Today we celebrate the life of one of the great men the world has known in Martin Luther King, Jr.; A man considered to be a hero among African Americans as well as those supportive of the Civil Rights movement of the 50’s and 60’s.
A couple of weeks ago we celebrated the life and passing of another great man in Nelson Mandela. Mandela and Dr. King shared most similar views. These sentiments are needed everywhere: Between men and women, Christian and Muslim, gay and straight, black and white and brown, and blue and red (republicans and democrats), etc.
In my opinion Dr. King is not only a hero to Civil Rights movement – he was a hero to humanity and his message is as appropriate today as ever it was. Delivered on August 28, 1963, his famous “I have a dream” speech included content that is needed today.
In perhaps the most famous segment of his speech, he proclaimed “I have a dream that my four little children will one day live in a nation where they will not be judged by the color of their skin but by the content of their character.”
The essence of his message was and remains to be tolerance and acceptance: The tolerance of views different from our own and the acceptance that all humans have value; and that only with the disregard of color, religion and culture can we achieve autonomy and peace within our world.
In today’s world we call this Diversity and Inclusion. I’ve worked with organizations, hospital systems and individual clients who have claimed to want to make their workplace more diverse and more inclusive.
I think Dr. King and Nelson Mandela might laugh at the terminology of Diversity and Inclusion; because if they see what I see, much focus is spent at trying to be perceived as diverse, tolerant, accepting and inclusive and nowhere near enough effort spent at trying to attain the actual state of being tolerant, accepting and inclusive.
Executives preach diversity and then behind closed doors speak of how women are inferior. Organizational leaders speak of wanting minorities, but only wanting ”good” ones. And Congressmen claiming to be of equal rights are heard putting down women under their breath. Or having one of the more popular members at a country club actually comfortable enough to say aloud, “We finally have one we like”, after having a minority member join. Whatever the level of importance to lesser significance, there is still work to do.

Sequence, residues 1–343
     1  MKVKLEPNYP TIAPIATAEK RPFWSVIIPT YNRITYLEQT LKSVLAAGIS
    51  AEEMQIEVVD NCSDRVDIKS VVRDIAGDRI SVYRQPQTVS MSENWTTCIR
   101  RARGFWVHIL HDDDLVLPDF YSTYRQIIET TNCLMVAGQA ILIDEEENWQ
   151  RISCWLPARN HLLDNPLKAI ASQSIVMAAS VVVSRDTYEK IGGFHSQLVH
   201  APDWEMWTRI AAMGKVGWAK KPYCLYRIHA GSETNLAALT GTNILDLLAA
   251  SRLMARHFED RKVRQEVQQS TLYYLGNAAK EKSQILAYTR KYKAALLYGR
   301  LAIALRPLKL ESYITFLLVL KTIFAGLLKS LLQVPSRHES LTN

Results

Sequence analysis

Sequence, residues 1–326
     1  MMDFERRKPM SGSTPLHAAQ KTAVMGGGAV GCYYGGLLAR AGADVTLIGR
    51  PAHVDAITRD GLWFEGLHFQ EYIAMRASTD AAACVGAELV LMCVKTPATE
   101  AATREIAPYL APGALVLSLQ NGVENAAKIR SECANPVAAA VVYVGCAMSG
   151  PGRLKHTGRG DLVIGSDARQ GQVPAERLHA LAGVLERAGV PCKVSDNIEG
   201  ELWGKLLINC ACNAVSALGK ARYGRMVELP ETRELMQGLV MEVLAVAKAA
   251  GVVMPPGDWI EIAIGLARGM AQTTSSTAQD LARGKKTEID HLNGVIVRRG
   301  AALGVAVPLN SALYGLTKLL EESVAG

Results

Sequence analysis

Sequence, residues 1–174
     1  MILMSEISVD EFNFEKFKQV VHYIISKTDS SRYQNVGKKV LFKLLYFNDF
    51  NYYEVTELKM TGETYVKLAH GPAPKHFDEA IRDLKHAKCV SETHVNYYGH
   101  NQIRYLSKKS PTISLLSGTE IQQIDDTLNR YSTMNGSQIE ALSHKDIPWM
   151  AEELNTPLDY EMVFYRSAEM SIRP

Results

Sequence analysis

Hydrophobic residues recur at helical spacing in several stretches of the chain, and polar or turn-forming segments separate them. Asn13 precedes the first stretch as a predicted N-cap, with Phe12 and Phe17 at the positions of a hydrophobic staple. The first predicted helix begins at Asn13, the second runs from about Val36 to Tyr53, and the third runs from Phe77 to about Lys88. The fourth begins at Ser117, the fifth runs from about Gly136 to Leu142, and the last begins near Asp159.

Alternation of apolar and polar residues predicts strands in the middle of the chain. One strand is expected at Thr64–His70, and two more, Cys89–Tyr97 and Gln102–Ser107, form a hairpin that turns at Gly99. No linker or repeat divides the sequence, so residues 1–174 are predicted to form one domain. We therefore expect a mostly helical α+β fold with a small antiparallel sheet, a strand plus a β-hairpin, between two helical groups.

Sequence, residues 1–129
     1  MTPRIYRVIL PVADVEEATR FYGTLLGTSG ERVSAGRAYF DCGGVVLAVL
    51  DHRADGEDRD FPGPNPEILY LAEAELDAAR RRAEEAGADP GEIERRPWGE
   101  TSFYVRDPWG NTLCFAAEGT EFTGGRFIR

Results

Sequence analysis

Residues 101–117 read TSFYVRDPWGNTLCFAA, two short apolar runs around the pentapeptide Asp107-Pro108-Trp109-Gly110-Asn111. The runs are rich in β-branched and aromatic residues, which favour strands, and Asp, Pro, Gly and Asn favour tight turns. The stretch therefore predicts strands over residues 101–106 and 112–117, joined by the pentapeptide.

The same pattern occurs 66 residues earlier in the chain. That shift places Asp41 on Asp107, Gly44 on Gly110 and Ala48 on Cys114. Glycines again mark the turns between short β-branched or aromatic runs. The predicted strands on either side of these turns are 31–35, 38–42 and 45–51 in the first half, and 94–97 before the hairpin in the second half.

Much growth has occurred but with every comment we hear from these Congressmen or Executives that are inappropriate it shows there is still work to be done.
My favorite portion of Dr. King’s speech is lesser known:
“In the process of gaining our rightful place, we must not be guilty of wrongful deeds. Let us not seek to satisfy our thirst for freedom by drinking from the cup of bitterness and hatred. We must forever conduct our struggle on the high plane of dignity and discipline. We must not allow our creative protest to degenerate into physical violence. Again and again, we must rise to the majestic heights of meeting physical force with soul force.”
The crazy thing is that it is really not about color, sex, religion, etc. He is speaking to all of Humanity about how Humanity can achieve and aspire; he is reminding us that we have the capability to be the people we want our children to see in us. It is truly about wanting to develop the desire to truly accept another human being as being as worthy as living as we are. But before we can truly accept another – we must be able to accept ourselves.
The applicable tenet of Human Nature is:
It is inherently present in the insecure human mind that the oppression of others elevates the value of self; conversely, in the mind of a secure human, the oppression of another lowers the value of self.
Understanding this tenet truly provides us with the direction of how we approach the intolerance of others. The empowerment that’s truly needed is to empower the insecure, to let them know that the elevation to equality for others does not lower their own value.
Think about it, have you ever experienced a boss who is insecure within himself? How’d that work out? If like most times, he or she felt the need to promote self or devalue staff – right? Same with the stereotypical man who constantly complains about his wife; he’s insecure. The woman who complains about another woman? The impact of this tenet is far-reaching but the essence of its existence is fear. And whether it’s in Congress, behind the starting of a war or in our household, it is the fear and how we choose to allow its impact is what is to blame.
The conscious and unconscious fear within a person will result in the attempt to devalue others in an attempt to increase the value within.
Furthermore, anyone who is evolved and secure in themselves must, by default, have the understanding that the elevation of others can only result in the elevation of self.
So let’s commit to fulfilling Dr. King’s dream and the will of many other leaders of humanity: Let’s do good deeds, struggle for the plight of others and seek to elevate others as this will always elevate our own Humanity.